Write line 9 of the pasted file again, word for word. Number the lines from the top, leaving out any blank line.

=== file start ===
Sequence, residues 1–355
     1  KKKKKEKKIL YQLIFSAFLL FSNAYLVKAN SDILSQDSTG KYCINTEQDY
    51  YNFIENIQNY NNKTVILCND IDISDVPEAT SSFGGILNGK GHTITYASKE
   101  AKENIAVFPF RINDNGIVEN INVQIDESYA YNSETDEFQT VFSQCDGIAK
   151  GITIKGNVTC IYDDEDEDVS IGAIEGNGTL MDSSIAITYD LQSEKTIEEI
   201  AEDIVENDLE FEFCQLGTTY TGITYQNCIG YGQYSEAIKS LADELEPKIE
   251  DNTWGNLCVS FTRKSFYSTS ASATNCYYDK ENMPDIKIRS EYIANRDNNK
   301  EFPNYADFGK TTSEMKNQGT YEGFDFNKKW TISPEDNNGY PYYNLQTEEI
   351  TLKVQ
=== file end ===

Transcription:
   351  TLKVQ